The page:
Methotrexate, a disease-modifying antirheumatic drug (DMARD), is the most commonly used DMARD for RA. Methotrexate is sometimes prescribed off-label for PsA. However, it is not as effective for PsA as it is for RA.
Biological DMARDs, such as Enbrel (Etanercept), Remicade (Infliximab), Humira (Adalimumab), Simponi (Golimumab), and Cimzia (Certolizumab pegol) are approved by the U.S. Food and Drug Administration (FDA) for moderate to severe RA and for PsA. Some of these drugs may be administered along with Methotrexate. Unlike Methotrexate, biological DMARDs have been shown to be effective in preventing bone erosion in people with PsA, making these drugs especially helpful.
Immunomodulators, drugs like Orencia (Abatacept), that affect the immune responses that cause inflammation, are also effective for both RA and PsA. Xeljanz (Tofacitinib) is another immunomodulator that works for RA and PsA. It is FDA approved for people with RA who have not responded well to or cannot tolerate Methotrexate and for people with PsA who have not responded well to or cannot tolerate Methotrexate or other DMARDs.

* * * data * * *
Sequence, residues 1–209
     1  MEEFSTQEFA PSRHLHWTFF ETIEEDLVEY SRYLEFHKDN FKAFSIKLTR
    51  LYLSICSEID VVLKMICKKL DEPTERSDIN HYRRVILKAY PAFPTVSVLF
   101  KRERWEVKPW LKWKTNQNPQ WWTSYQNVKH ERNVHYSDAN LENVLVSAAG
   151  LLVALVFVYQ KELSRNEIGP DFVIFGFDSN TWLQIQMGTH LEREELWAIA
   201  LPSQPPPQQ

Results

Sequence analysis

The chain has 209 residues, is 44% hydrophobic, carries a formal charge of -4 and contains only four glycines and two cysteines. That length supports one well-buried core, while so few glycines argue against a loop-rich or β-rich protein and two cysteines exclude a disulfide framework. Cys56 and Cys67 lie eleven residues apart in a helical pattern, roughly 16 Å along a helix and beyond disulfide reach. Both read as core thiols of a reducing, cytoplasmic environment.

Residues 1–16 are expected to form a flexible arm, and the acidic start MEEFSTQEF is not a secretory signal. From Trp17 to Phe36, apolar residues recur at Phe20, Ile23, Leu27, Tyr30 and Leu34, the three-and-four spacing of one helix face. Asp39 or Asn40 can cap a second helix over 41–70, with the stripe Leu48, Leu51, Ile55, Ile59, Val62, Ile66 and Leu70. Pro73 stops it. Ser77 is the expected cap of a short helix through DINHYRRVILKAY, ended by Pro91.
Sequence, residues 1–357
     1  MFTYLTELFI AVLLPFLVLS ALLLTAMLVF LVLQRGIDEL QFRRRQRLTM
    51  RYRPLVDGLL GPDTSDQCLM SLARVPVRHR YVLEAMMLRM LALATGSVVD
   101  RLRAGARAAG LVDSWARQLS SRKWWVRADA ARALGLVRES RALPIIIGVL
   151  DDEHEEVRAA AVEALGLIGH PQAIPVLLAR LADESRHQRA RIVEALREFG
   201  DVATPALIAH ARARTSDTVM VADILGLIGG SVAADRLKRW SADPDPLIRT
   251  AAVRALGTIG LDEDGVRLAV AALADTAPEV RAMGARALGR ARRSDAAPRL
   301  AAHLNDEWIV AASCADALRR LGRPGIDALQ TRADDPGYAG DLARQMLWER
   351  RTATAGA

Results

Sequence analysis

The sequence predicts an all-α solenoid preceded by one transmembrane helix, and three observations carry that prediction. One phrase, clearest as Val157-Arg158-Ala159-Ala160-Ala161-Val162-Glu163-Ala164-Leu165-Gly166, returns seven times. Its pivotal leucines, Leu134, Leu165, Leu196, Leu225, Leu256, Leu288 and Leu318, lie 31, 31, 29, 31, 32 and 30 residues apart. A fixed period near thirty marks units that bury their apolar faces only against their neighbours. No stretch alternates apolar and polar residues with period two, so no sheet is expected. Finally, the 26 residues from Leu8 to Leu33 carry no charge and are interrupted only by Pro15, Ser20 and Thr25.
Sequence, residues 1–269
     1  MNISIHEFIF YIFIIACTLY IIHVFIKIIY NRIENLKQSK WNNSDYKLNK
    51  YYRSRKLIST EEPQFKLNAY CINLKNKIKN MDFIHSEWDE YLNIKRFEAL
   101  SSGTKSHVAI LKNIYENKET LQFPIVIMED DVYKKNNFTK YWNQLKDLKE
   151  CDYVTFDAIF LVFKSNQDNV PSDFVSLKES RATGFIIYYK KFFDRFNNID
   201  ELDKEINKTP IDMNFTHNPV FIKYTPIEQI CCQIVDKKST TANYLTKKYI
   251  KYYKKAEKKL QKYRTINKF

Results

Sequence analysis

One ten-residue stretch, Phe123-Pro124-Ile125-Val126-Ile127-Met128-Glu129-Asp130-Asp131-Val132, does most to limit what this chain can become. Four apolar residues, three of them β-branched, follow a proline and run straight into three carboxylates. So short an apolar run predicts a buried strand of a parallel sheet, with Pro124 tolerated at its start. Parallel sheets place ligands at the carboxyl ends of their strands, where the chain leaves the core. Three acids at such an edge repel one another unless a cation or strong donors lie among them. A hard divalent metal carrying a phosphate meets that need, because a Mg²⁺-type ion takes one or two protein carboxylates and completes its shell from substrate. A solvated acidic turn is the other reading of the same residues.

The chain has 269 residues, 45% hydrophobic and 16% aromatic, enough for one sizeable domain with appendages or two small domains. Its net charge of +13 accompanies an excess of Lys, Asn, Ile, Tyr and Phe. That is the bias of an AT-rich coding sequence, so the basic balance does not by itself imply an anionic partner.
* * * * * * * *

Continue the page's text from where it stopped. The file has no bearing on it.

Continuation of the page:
Because of cellular differences between RA and PsA, some drugs are effective for one disease and not the other. People with PsA have high levels of inflammation-causing proteins called interleukins, specifically IL-17A and IL-12/23. The IL-17A inhibitor drugs Cosentyx (Secukinumab) and Taltz (Ixekizumab) and the IL-12/23 drugs Stelara (Ustekinumab) and Tremfya (Guselkumab) help block the production of these proteins, reducing inflammation. These drugs do not help treat RA.
Inflammation in RA is associated with a different interleukin called IL-6. The IL-6 inhibitor drugs Actemra (Tocilizumab) and Kevzara (Sarilumab) work against RA, but have not been proven to help with PsA.
It’s technically possible to have both RA and PsA. It’s also possible to have an atypical case of just one of the conditions, so talk to your doctor if you are confused about your symptoms. Some people with PsA never experience the obvious skin disease symptoms of psoriasis, making it easy to confuse PsA with RA. As scientists learn more about the specific causes of each condition, it’s likely that diagnoses and treatments will become more precise.